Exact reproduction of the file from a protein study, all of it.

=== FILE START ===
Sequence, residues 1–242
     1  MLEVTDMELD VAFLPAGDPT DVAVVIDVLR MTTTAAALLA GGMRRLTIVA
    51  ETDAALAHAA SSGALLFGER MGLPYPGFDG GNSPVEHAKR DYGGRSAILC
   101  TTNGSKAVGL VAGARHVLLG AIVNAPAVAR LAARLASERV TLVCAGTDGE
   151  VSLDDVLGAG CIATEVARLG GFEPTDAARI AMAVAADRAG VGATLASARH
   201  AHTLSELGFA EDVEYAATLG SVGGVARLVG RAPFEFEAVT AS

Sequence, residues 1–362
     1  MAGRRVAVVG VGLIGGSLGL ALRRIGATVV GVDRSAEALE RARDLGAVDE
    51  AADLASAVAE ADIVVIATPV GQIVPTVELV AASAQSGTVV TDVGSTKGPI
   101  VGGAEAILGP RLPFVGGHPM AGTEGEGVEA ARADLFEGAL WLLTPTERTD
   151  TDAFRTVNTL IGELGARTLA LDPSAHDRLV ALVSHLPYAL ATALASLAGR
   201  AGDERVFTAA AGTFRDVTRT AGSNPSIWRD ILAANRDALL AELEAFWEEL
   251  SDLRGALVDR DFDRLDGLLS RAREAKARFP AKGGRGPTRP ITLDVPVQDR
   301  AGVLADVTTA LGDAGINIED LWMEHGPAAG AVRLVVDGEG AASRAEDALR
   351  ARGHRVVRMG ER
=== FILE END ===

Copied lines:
Sequence, residues 1–242
     1  MLEVTDMELD VAFLPAGDPT DVAVVIDVLR MTTTAAALLA GGMRRLTIVA
    51  ETDAALAHAA SSGALLFGER MGLPYPGFDG GNSPVEHAKR DYGGRSAILC
   101  TTNGSKAVGL VAGARHVLLG AIVNAPAVAR LAARLASERV TLVCAGTDGE
   151  VSLDDVLGAG CIATEVARLG GFEPTDAARI AMAVAADRAG VGATLASARH
   201  AHTLSELGFA EDVEYAATLG SVGGVARLVG RAPFEFEAVT AS

Sequence, residues 1–362
     1  MAGRRVAVVG VGLIGGSLGL ALRRIGATVV GVDRSAEALE RARDLGAVDE
    51  AADLASAVAE ADIVVIATPV GQIVPTVELV AASAQSGTVV TDVGSTKGPI
   101  VGGAEAILGP RLPFVGGHPM AGTEGEGVEA ARADLFEGAL WLLTPTERTD
   151  TDAFRTVNTL IGELGARTLA LDPSAHDRLV ALVSHLPYAL ATALASLAGR
   201  AGDERVFTAA AGTFRDVTRT AGSNPSIWRD ILAANRDALL AELEAFWEEL
   251  SDLRGALVDR DFDRLDGLLS RAREAKARFP AKGGRGPTRP ITLDVPVQDR
   301  AGVLADVTTA LGDAGINIED LWMEHGPAAG AVRLVVDGEG AASRAEDALR
   351  ARGHRVVRMG ER